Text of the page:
“Deep-Holes,” The New Yorker, 2008
Sally packed devilled eggs—something she usually hated to take on a picnic, because they were so messy. Ham sandwiches, crab salad, lemon tarts—also a packing problem. Kool-Aid for the boys, a half bottle of Mumm’s for herself and Alex. She would have just a sip, because she was still nursing. She had bought plastic champagne glasses for the occasion, but when Alex spotted her handling them he got the real ones—a wedding present—out of the china cabinet. She protested, but he insisted, and took charge of them himself, the wrapping and packing.
“Face,” The New Yorker, 2008
I am convinced that my father looked at me, really saw me, only once. After that, he knew what was there.
In those days, they didn’t let fathers into the glare of the theatre where babies were born, or into the room where the women about to give birth were stifling their cries or suffering aloud. Fathers laid eyes on the mothers only once they were cleaned up and conscious and tucked under pastel blankets in the ward or in semi-private or private rooms. My mother had a private room, as became her status in town, and it was just as well, actually, seeing the way things turned out.
“Some Women,” The New Yorker, 2008
I am amazed sometimes to think how old I am. I can remember when the streets of the town I lived in were sprinkled with water to lay the dust in summer, and when girls wore waist cinchers and crinolines that could stand up by themselves, and when there was nothing much to be done about things like polio and leukemia. Some people who got polio got better, crippled or not, but people with leukemia went to bed, and, after some weeks’ or months’ decline in a tragic atmosphere, they died.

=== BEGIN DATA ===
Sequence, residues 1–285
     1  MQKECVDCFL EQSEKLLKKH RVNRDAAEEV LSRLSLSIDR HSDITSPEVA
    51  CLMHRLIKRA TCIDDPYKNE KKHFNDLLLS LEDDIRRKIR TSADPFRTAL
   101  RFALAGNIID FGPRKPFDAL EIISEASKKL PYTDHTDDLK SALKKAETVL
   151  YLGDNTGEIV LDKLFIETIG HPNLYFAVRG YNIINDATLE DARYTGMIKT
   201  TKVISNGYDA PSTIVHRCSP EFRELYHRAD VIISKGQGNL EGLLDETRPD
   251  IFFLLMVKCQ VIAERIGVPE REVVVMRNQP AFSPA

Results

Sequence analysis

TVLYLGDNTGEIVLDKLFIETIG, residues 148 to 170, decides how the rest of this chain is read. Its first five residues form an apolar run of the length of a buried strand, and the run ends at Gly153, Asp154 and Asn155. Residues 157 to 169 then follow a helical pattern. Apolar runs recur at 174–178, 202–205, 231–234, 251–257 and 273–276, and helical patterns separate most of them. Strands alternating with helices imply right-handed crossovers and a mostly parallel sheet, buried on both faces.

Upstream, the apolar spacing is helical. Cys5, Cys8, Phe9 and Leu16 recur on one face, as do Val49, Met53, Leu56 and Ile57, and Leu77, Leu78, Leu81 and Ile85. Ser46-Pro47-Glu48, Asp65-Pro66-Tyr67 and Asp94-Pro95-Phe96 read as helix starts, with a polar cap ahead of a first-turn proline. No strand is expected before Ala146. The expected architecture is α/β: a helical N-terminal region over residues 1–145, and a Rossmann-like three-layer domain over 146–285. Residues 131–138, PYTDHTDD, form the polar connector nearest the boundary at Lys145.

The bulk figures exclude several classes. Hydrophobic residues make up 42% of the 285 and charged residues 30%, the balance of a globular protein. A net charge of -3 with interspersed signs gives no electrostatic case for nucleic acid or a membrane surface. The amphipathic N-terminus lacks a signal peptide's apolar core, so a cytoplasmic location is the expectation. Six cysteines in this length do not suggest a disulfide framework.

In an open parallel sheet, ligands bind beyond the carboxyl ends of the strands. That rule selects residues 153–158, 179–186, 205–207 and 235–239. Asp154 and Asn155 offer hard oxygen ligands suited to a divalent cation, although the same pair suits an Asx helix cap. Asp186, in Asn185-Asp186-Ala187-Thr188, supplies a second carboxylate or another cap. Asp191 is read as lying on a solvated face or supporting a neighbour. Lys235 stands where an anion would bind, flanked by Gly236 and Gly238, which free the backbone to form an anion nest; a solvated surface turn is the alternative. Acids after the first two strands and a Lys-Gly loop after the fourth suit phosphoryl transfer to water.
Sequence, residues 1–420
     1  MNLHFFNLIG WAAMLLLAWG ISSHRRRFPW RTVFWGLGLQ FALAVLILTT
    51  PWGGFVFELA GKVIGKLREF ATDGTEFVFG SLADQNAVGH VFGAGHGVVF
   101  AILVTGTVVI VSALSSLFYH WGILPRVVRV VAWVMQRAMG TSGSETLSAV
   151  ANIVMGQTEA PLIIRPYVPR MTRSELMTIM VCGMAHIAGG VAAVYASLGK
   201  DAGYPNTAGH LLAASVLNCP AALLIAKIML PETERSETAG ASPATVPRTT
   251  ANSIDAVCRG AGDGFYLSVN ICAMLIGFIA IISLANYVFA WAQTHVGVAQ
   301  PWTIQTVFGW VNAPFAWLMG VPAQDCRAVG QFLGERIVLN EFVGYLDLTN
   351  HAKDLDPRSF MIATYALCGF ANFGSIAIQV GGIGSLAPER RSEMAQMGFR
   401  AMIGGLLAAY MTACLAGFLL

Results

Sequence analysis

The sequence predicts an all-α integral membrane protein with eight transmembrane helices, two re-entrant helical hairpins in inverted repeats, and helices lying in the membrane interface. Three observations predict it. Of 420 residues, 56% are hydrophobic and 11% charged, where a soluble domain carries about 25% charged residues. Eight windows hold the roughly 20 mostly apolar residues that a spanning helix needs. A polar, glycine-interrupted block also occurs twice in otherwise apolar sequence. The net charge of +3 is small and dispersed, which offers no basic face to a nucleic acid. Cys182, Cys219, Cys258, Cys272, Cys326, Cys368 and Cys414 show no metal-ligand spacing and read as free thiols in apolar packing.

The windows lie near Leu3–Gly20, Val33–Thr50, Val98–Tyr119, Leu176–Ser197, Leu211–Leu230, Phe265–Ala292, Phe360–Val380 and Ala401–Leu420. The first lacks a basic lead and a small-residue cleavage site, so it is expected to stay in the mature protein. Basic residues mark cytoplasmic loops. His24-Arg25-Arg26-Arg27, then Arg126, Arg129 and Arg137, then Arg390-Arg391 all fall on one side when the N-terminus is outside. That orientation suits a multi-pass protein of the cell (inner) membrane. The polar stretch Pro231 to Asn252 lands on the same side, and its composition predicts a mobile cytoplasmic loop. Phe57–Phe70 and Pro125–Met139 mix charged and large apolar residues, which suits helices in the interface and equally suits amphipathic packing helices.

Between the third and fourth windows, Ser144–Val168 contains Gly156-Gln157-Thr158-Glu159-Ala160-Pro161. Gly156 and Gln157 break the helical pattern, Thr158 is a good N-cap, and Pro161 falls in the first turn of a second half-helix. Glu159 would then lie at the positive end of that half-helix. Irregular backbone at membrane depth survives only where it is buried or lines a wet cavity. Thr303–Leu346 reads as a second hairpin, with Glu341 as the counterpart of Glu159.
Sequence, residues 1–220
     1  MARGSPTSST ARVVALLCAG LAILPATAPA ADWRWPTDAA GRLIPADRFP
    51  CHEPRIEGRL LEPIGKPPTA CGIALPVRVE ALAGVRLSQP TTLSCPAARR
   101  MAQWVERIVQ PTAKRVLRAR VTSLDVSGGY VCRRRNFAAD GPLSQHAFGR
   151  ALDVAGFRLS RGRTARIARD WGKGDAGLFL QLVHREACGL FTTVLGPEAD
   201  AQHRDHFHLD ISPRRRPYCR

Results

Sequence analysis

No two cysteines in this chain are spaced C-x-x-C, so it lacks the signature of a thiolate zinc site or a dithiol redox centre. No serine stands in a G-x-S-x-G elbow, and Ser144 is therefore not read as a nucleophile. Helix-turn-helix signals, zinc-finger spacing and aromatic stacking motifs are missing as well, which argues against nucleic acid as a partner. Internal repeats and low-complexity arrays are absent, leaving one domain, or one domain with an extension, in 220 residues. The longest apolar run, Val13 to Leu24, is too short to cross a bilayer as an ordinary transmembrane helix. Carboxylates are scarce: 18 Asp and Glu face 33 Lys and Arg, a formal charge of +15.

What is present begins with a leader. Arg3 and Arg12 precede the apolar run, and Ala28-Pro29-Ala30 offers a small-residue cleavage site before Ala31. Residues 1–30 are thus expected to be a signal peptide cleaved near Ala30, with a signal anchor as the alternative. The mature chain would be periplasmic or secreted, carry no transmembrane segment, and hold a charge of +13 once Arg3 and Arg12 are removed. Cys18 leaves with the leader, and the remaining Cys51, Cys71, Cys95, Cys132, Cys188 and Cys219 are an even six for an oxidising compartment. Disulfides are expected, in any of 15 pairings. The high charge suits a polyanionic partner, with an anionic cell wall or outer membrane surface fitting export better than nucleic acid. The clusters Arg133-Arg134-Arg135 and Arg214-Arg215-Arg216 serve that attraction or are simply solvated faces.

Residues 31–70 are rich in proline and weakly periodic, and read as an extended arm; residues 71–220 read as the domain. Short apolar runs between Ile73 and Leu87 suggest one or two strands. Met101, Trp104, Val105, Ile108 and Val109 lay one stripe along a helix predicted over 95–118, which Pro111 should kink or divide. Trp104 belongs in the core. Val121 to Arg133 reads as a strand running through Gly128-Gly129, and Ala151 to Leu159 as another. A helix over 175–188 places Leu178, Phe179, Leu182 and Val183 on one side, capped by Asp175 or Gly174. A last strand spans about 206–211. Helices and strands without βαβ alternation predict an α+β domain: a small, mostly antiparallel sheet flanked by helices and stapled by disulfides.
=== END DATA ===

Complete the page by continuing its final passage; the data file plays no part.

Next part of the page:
The best thing in winter was driving home, after her day teaching music in the Rough River schools. It would already be dark, and on the upper streets of the town snow might be falling, while rain lashed the car on the coastal highway. Joyce drove beyond the limits of the town into the forest, and though it was a real forest with great Douglas firs and cedar trees, there were people living in it every quarter mile or so. There were some people who had market gardens, a few who had some sheep or riding horses, and there were enterprises like Jon’s—he restored and made furniture. Also the services advertised beside the road, and more particular to this part of the world—tarot readings, herbal massage, conflict resolution. Some people lived in trailers; others had built their own houses, incorporating thatched roofs and log ends, and still others, like Jon and Joyce, were renovating old farmhouses.
“Corrie,” The New Yorker, 2010
“It isn’t a good thing to have the money concentrated all in the one family, the way you do in a place like this,” Mr. Carlton said. “I mean, for a girl like my daughter Corrie here. For example, I mean, like her. It isn’t good. Nobody on the same level.”
Corrie was right across the table, looking their guest in the eye. She seemed to think this was funny.
“Axis,” The New Yorker, 2011